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Not So OK, Cupid

In a small town, online dating can sting in big ways

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To its millions of users, OkCupid might seem like the hip younger sibling to online dating sites like eHarmony or Match.com. The free site will welcome you with an illustration of a woman whose feathered bangs and chic boots connote certain keywords—urbane, maybe. Worldly. She's less Michael Bay and more Michael Cera, less Axe body spray and more post-yoga patchouli musk. She looks mellow—like she might just make an exception for you.

And then there are the fun surveys, which one local woman likens to Cosmo quizzes. What's your sign, and how important is astrology to you? Would you rather be normal or weird? Would you date someone who does drugs, and, if so, would you prefer only "soft stuff like marijuana?"

But what if the place you live isn't exactly urbane? Or worldly? What if it's Sonoma County, and the guy you're meeting online is, say, the same guy two of your friends have already dated?

"The pool is just so small," says Louise. (Note: for the sake of the interviewees, all names in this piece have all been changed.)

The Santa Rosa resident describes selecting an age range from 28 to 40 and looking for men within 25 miles. The search turned up eight pages of eligible guys.

"And then I selected just one age, 37, and typed in San Francisco," she says. "There were 50 pages just of 37-year-olds."

"I don't want to date my friends' ex-husbands," says Margot, another Santa Rosa single girl, who says she's gone out with people mainly down in the city and in the East Bay to avoid such awkward situations.

Which can get creepy fast.

"You can 'wink' at people on there," says a third Santa Rosa dweller, Kate. "It's like poking people on Facebook. To have some guy who's dating a friend of mine and supposedly in a committed relationship winking at me on OkCupid just makes me feel like I need to go take a shower."

Local users describe the site in language similar to any encounter filtered through a two-dimensional screen, where user profiles can be edited to reflect a reality that in actuality might not be so real.

"The men that I've connected with, they're all rebounding or heartbroken and just want a quick fix with the woman with the hottest pictures up," says Kate. "It's like a fantasy; they want to fill that loneliness with some kind of attention."

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In Louise's experience, this casual atmosphere was a positive at first. She'd recently gotten out of a 19-year relationship herself, and had little experience with dating.

"I basically didn't wait for anyone to approach me," she says. "I'd find five to eight people who looked interesting and write them a quick note. I was just open about it."

But eventually, the then-39-year-old started to notice a bizarre pattern.

It happened when she was messaging a 40-year-old man who lived locally. "I saw something that I see all the time, but it was the first time I noticed it," she recalls. "At the very bottom of his page it said [the age range] he was looking for: 18–25."

"When you're older and you're online, it tends to not go your way, because men your own age tend to look for younger women," Margot, 42, agrees.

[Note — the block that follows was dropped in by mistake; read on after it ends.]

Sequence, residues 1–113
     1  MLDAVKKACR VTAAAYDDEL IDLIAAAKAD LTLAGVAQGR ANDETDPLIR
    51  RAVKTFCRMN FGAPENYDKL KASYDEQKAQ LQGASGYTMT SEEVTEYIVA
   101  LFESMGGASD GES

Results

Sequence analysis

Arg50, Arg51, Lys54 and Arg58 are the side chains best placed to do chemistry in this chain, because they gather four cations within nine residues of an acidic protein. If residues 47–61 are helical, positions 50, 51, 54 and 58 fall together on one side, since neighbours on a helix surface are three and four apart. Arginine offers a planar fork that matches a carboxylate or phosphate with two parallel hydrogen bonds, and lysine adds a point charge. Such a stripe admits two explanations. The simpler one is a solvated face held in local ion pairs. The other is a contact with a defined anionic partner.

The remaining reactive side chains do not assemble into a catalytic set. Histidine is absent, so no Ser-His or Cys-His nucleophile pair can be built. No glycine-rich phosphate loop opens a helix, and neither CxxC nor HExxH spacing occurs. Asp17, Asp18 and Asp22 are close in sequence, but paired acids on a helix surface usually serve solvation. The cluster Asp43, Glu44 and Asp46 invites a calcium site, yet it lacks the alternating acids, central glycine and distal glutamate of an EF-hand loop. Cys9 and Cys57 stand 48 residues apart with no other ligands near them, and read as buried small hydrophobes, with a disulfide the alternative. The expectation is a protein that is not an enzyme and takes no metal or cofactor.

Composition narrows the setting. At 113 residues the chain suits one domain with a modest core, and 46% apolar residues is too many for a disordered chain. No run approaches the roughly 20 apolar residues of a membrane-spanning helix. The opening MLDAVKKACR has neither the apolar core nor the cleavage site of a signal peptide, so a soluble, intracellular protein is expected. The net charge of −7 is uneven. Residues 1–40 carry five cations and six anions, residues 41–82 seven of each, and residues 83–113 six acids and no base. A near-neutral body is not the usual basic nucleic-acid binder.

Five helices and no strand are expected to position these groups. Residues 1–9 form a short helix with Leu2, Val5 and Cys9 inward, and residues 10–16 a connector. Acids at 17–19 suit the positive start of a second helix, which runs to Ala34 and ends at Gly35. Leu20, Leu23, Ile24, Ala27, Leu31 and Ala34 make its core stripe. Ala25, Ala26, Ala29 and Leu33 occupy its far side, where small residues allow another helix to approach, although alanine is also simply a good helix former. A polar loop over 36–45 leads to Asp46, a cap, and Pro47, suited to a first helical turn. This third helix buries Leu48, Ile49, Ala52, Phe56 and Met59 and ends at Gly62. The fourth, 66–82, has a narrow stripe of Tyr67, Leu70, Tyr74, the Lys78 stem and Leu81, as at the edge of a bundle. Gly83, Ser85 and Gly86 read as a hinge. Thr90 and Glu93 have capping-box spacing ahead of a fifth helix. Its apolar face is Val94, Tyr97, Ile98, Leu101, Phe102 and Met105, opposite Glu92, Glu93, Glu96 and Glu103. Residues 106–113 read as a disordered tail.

"If I'm out in the real world, I'll get hit on by guys my own age and guys younger than me, somewhat frequently. I seem to get attention. But online there's a different set of qualifications."

And according to the three women, this disconnect between reality and internet fantasyland can get much, much stranger.

There's the goth guy who likes to walk women around town on leashes. The guy who's constantly changing the city where he supposedly lives. And then there was Kate's boyfriend, who created a fake OkCupid account while they were still in a relationship and secretly tried to get her to cheat on him with . . . his online self.

"Every single section in there was catered specifically to my profile," she says. "Like [he wrote about] this obscure East Bay band, Our Lady of the Highway, which hasn't played together for, like, 10 years. He sent me four messages within a 12-hour period, two really late at night and two really early in the morning, begging me to contact him."

Two months later, she says, he admitted what she already knew—that it was him.

"That kind of spooked me," she says. "It made me wary, like anybody can have an OkCupid account. It really freaks me out that someone could just be out there to fuck with you."

Louise used the site for six to eight months—dated someone for a month, someone else for two months—and then met a guy in real life. That lasted a year, and then she went back to the site. Her second time on OkCupid—post–difficult breakup—was wildly different than her first, and she only used it for 10 days.

"I just kind of wanted some distraction, but I understood what my friends had been saying about it," she says. "Before, I had just been having fun. But the second time, I was like, 'I don't want to put myself out there. I just got stomped on.' It's scary to get disappointed so many times."

"I didn't have a negative experience with it," says Margot, who was only on the site for roughly a week. She had one date, she says. "I just kind of realized that I didn't really feel like dating online. It felt like a lot of work. After you go on the date, then you have to think about, well, are they going to call me, or is this going to turn into a relationship?"

"When you just want to have fun, and you're not looking for Mr. Right and the clock isn't ticking and you're really open-minded, that's the best way to use online dating," says Louise.

But after several years in the real dating world, she says, "It just wasn't fun anymore."

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